Teacher can't teach
March 23, 2005
Over the past half-century, the number of pupils in U.S. schools grew by about 50 percent while the number of teachers nearly tripled. Spending per student rose threefold, too. If the teaching force had simply kept pace with enrollments, school budgets had risen as they did, and nothing else changed, today's average teacher would earn nearly $100,000, plus generous benefits. We'd have a radically different view of the job and it would attract different sorts of people.
Yes, classes would be larger - about what they were when I was in school. True, there'd be fewer specialists and supervisors. And we wouldn't have as many instructors for youngsters with "special needs." But teachers would earn twice what they do today (less than $50,000, on average) and talented college graduates would vie for the relatively few openings in those ranks.
What America has done, these past 50 years, is invest in more teachers rather than better ones, even as countless appealing and lucrative options have opened up for the able women who once poured into public schooling. No wonder teaching salaries have just kept pace with inflation, despite huge increases in education budgets. No wonder the teaching occupation, with blessed exceptions, draws people from the lower ranks of our lesser universities. No wonder there are shortages in key branches of this sprawling profession. When you employ three million people and you don't pay very well, it's hard to keep a field fully staffed, especially in locales (rural communities, tough urban schools) that aren't too enticing and in subjects such as math and science where well-qualified individuals can earn big bucks doing something else.
Why did we triple the size of the teaching work force instead of paying more to a smaller number of stronger people? Three reasons.
First, the seductiveness of smaller classes. Teachers want fewer kids in their classrooms and parents think their children will be better off, despite scant evidence that students learn more in smaller classes, particularly from less able instructors. Second, the institutional interests that benefit from a larger teaching force, above all dues-collecting (and influence-seeking) unions, and colleges of education whose revenues (tuition, state subsidies) and size (all those faculty slots) depend on their enrollments. Third, the social forces pushing schools to treat children differently from one another, creating one set of classes for the gifted, others for children with handicaps, those who want to learn Japanese, who seek full-day kindergarten or who crave more community-service opportunities.
Nobody has resisted. It was not in anyone's interest to keep the teaching ranks sparse, while many interests were served by helping them to swell. Today, we pay the price: lots of money spent on schooling, nearly all of it for salaries, but schooling that, at the end of the day, depends on the knowledge, skills and commitment of teachers who don't earn much and cannot see that they ever will.
Compounding that problem, we make multiple policy blunders. We restrict entry to people "certified" by state bureaucracies, normally after passing through quasi-monopolistic training programs that add little value. Thus an ill-paid vocation also has daunting, yet pointless, barriers to entry. We pay mediocre instructors the same as super-teachers. Though tiny cracks are appearing in the "uniform salary schedule," in general an energized and highly effective classroom practitioner earns no more than a feckless time-server. We pay no more to high-school physics or math teachers than middle-school gym teachers, though the latter are easy to find while people capable of the former posts are scarce and have plentiful options. We pay no more to those who take on daunting assignments in tough schools than to those who work with easy kids in leafy suburbs. In fact, we often pay them less.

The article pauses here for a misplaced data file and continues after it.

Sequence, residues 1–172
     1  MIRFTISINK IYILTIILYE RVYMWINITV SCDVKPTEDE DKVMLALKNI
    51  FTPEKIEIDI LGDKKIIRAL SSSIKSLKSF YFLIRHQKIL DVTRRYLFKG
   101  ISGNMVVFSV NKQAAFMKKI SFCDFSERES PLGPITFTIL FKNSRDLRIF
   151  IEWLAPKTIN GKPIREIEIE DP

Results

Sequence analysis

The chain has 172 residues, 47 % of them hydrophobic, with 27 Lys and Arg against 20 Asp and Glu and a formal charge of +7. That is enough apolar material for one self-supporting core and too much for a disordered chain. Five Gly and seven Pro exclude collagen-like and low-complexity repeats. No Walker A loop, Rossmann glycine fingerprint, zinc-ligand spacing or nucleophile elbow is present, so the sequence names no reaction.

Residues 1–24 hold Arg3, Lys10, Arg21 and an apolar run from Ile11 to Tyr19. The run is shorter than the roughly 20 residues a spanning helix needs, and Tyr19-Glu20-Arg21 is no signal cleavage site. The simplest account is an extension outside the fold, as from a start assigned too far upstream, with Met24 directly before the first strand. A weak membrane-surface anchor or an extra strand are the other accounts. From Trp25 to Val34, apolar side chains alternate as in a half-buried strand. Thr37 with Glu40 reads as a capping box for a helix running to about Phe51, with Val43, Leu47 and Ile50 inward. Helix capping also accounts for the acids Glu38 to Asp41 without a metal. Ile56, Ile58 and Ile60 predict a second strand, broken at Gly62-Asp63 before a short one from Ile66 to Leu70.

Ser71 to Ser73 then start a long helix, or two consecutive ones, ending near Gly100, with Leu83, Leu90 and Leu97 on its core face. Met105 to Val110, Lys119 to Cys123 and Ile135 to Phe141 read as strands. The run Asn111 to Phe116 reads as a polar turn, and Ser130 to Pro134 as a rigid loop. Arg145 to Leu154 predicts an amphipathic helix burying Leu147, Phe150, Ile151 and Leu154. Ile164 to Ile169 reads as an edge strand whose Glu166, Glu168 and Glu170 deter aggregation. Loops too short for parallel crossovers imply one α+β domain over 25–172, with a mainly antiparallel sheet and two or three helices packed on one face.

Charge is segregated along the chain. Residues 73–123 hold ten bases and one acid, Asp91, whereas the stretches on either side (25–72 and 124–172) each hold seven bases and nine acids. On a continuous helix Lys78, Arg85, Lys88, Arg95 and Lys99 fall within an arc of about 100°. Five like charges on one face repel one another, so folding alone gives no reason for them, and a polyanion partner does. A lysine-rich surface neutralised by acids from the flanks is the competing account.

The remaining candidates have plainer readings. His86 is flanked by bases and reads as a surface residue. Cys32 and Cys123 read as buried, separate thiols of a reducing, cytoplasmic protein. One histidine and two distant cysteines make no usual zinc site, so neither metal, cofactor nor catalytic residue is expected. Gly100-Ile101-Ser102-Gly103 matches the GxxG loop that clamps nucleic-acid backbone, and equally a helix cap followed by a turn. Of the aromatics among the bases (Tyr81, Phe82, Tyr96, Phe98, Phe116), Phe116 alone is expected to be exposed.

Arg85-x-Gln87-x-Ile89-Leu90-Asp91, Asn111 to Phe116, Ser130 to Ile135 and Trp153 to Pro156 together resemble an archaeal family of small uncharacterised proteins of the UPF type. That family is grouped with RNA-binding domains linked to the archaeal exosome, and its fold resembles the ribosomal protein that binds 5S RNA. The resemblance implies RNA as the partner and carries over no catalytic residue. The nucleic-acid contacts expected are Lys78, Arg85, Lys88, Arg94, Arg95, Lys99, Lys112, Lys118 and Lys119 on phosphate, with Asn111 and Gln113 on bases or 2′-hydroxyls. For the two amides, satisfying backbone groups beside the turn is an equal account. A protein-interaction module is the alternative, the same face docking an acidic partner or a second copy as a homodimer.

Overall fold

Instead of recognizing that today's 20-somethings commonly try multiple occupations before settling down (if they ever do), then making imaginative use of those who are game to teach for a few years, we still assume that teaching is a lifelong vocation and lament anyone who exits the classroom for other pursuits. Instead of deploying technology so that gifted teachers reach hundreds of kids while others function more like tutors or aides, we assume that every classroom needs its own Socrates.
Despite all that, and to their great credit, most teachers are decent folks who care about kids and want to help them learn. But turning around U.S. schools and "leaving no child behind" calls for more. It also requires passion, brains, knowledge and technique. Federal law now demands subject-matter mastery. Such qualities are hard to find in vast numbers, however, especially when the job doesn't pay very well. Yet fat across-the-board raises for three million people are a pipe dream. (Adding $10,000 plus benefits to their pay would add some $40 billion to school budgets.)
Maybe we can't turn back the clock on the numbers, but surely we can reverse the policy errors. With hundreds of thousands of teaching jobs now turning over each year, at minimum we should insist that new entrants play by different rules that reward effectiveness, deploy smart incentives and suitable technology, compensate them sensibly, and make skillful use of short-termers instead of just wishing they'd stay longer. And this time let's watch what we're doing.
This article originally appeared in the March 11, 2005 edition of the Wall Street Journal. The March 22, 2005 edition published several letters in response, available here (subscription required).